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Special Areas of Conservation

1166 Great crested newt Triturus cristatus

Vertebrate species: amphibians

Description and ecological characteristics

The great crested newt Triturus cristatus is the largest native British newt, reaching up to around 17 cm length. It has a granular skin texture (caused by glands which contain toxins making it unpalatable to predators), and in the terrestrial phase is dark grey, brown or black over most of the body, with a bright yellow/orange and black belly pattern. Adult males have jagged crests running along the body and tail. Newts require aquatic habitats for breeding. Eggs are laid singly on pond vegetation in spring, and larvae develop over summer to emerge in August – October, normally taking 2–4 years to reach maturity. Juveniles spend most time on land, and all terrestrial phases may range a considerable distance from breeding sites.

Breeding sites are mainly medium-sized ponds, though ditches and other waterbody types may also be used less frequently. Ponds with ample aquatic vegetation (which is used for egg-laying) seem to be favoured. Great crested newts do not require very high water quality, but are normally found in ponds with a circum-neutral pH. Broad habitat type varies greatly, the most frequent being pastoral and arable farmland, woodland, scrub, and grassland. There are also populations in coastal dunes and shingle structures. Great crested newts can be found in rural, urban and post-industrial settings, with populations less able to thrive where there are high degrees of fragmentation. The connectivity of the landscape is important, since great crested newts often occur in metapopulations that encompass a cluster of several or many ponds. This helps ensure the survival of populations even if sub-populations are affected by, for example, pond desiccation or fish introductions. Climate may influence the range edge at the north of its distribution in Scotland, but other ecological or landscape factors such as pond density are probably more important in determining distribution across the main part of its British range.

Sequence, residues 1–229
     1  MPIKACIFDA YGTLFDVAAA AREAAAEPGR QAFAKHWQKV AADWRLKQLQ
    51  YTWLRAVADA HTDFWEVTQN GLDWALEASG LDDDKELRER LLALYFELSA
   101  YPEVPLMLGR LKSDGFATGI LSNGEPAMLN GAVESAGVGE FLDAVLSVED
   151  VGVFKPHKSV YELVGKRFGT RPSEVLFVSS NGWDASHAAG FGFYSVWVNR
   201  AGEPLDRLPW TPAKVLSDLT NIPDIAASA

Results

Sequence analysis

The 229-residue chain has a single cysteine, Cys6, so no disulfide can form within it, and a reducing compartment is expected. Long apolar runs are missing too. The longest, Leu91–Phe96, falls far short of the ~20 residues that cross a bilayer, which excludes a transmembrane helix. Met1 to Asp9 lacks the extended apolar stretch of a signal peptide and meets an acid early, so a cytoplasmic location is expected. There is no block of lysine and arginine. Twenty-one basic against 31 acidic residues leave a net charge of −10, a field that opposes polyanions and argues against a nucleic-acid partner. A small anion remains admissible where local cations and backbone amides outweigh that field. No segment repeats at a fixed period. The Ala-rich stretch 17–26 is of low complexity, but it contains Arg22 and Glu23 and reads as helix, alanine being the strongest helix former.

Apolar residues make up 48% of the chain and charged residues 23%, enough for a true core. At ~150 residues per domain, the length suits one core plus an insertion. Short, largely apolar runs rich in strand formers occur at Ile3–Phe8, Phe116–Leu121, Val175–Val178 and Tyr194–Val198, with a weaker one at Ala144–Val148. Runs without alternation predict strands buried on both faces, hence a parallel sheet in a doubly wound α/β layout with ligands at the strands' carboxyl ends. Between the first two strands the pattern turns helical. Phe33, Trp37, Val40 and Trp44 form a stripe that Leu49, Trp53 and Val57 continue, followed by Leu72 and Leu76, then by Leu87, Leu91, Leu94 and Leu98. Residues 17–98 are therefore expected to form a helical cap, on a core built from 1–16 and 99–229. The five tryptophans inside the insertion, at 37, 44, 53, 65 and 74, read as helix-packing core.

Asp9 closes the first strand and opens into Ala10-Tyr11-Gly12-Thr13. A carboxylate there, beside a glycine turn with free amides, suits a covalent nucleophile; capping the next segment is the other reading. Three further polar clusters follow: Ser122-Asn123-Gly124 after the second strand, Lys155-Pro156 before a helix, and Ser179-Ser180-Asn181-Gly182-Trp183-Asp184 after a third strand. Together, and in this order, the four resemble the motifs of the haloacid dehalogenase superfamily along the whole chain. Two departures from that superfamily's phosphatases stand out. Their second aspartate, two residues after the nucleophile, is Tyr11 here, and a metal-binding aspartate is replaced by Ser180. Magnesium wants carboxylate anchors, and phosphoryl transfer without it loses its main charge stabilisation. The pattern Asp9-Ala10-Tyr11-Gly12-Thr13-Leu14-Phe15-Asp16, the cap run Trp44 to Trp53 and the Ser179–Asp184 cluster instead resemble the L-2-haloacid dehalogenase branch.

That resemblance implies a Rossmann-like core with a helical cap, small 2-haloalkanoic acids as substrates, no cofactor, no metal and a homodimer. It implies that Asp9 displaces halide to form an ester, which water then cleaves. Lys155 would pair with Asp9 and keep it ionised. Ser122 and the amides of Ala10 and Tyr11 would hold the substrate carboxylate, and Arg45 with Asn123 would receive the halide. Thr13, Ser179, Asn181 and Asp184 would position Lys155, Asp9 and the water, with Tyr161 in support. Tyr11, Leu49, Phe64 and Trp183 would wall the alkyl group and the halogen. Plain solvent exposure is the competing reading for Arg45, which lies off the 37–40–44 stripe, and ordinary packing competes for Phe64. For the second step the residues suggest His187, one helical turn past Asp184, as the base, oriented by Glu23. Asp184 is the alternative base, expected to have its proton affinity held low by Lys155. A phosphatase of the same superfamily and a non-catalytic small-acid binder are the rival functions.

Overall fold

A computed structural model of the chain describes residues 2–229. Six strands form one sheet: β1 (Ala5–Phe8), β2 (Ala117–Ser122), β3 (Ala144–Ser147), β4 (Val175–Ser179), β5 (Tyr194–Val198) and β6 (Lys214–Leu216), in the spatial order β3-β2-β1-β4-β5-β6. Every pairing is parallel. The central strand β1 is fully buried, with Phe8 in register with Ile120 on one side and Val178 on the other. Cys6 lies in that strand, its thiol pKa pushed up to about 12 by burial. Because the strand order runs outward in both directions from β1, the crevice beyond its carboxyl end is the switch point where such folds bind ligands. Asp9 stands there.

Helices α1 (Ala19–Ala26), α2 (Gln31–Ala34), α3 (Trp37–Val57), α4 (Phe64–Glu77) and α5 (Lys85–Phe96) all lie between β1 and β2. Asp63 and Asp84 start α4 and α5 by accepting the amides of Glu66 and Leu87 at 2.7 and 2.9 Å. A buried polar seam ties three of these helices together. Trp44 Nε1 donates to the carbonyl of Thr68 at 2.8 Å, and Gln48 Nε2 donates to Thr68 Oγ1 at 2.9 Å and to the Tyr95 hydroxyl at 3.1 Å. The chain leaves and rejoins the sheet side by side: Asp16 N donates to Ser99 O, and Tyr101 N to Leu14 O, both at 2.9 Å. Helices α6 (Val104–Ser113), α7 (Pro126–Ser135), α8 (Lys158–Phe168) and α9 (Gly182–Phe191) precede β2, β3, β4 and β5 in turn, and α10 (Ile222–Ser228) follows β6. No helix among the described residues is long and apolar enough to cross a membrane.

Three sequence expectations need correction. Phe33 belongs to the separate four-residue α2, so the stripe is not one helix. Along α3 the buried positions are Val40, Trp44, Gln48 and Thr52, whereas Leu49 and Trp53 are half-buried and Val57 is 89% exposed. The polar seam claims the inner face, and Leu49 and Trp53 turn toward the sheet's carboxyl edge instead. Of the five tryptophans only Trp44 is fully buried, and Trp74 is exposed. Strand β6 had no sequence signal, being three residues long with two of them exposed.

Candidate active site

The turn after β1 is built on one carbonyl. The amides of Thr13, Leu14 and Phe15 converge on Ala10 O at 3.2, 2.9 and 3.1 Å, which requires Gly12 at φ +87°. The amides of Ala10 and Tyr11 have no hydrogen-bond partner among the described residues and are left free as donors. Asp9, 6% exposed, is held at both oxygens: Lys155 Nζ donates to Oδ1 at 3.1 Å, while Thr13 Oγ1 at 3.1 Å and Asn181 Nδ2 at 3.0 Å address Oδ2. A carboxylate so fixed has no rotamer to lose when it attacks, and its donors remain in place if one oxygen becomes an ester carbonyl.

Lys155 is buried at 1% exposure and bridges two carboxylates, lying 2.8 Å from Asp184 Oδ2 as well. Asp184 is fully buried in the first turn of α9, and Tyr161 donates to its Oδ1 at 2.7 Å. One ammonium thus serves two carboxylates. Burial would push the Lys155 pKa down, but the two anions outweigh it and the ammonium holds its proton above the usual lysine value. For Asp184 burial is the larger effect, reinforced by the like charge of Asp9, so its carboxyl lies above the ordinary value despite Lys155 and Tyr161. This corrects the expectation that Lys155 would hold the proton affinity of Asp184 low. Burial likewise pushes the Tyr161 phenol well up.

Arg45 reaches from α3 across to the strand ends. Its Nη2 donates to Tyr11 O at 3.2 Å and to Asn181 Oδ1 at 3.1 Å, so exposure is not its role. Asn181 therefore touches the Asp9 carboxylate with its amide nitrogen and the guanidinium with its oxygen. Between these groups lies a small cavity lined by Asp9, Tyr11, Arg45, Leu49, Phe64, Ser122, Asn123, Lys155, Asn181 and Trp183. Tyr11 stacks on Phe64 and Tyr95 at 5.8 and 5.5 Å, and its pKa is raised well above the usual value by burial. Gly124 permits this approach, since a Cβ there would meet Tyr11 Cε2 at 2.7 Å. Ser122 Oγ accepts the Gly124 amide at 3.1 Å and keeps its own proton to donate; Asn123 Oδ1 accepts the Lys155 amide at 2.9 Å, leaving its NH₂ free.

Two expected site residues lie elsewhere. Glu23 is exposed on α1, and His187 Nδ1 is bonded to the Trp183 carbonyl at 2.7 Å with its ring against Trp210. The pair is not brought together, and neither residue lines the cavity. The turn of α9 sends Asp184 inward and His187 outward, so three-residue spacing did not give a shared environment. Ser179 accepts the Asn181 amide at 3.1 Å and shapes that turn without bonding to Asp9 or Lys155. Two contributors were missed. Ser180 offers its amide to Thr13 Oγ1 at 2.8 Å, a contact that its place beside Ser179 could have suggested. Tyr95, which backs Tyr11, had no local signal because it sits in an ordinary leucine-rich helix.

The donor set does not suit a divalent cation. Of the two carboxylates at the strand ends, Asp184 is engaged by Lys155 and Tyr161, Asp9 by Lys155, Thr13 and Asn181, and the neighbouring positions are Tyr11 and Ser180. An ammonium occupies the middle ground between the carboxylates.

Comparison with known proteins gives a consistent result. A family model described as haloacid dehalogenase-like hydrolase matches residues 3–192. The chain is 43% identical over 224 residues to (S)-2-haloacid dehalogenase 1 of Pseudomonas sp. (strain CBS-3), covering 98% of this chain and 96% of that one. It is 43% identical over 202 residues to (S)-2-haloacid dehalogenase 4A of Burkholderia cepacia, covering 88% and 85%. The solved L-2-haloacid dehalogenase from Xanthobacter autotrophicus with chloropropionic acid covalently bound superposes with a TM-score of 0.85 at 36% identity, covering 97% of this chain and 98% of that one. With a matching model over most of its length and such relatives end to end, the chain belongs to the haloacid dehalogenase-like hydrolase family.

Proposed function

Distribution of SACs/SCIs/cSACs with species 1166 Triturus cristatus. Click image for enlarged map.

European status and distribution

The great crested newt Triturus cristatus is found widely throughout northern Europe. Populations are thought to have declined dramatically throughout the species’ European range.

UK status and distribution

The great crested newt Triturus cristatus is widespread throughout much of England and Wales, but occurs only sparsely in south-west England, mid Wales and Scotland. It is absent from Northern Ireland. The total UK population is relatively large and is distributed over sites that vary greatly in their ecological character. One estimate has put the national population at around 400,000 animals in 18,000 breeding sites. Many of the largest populations are centred on disused mineral-extraction sites, but lowland farmland forms the majority of great crested newt habitat in the UK.

View UK distribution of this species.

Site selection rationale

Sites have been selected where there is evidence of a relatively large and robust population of great crested newts Triturus cristatus based on reliable recent survey data. Sites which either lack reliable population estimates or support small populations have not been selected. The SAC series represents the wide range of habitat types used by the species, and includes representative sites in semi-natural and more anthropogenic settings, as well as taking into account different vegetation and geology types. The selected sites include ponds in pastoral and arable farmland, woodland, grassland, coastal habitats, and disused mineral-extraction sites. Geographical representation of different areas within the species’ range has also been taken into account. While the SAC series makes a contribution to securing favourable conservation status for this Annex II species, wider measures are also necessary to support its conservation in the UK, including those identified under the UK Biodiversity Action Plan, such as pond creation and management.